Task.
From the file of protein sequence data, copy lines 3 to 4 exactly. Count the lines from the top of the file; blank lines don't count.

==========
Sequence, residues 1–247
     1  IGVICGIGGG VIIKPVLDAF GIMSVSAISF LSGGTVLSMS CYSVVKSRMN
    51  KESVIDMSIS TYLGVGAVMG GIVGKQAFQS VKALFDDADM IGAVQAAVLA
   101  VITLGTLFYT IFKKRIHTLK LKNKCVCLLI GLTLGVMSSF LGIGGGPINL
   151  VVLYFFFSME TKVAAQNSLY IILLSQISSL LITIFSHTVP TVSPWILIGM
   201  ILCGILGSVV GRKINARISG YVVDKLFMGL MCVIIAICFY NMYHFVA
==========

    51  KESVIDMSIS TYLGVGAVMG GIVGKQAFQS VKALFDDADM IGAVQAAVLA
   101  VITLGTLFYT IFKKRIHTLK LKNKCVCLLI GLTLGVMSSF LGIGGGPINL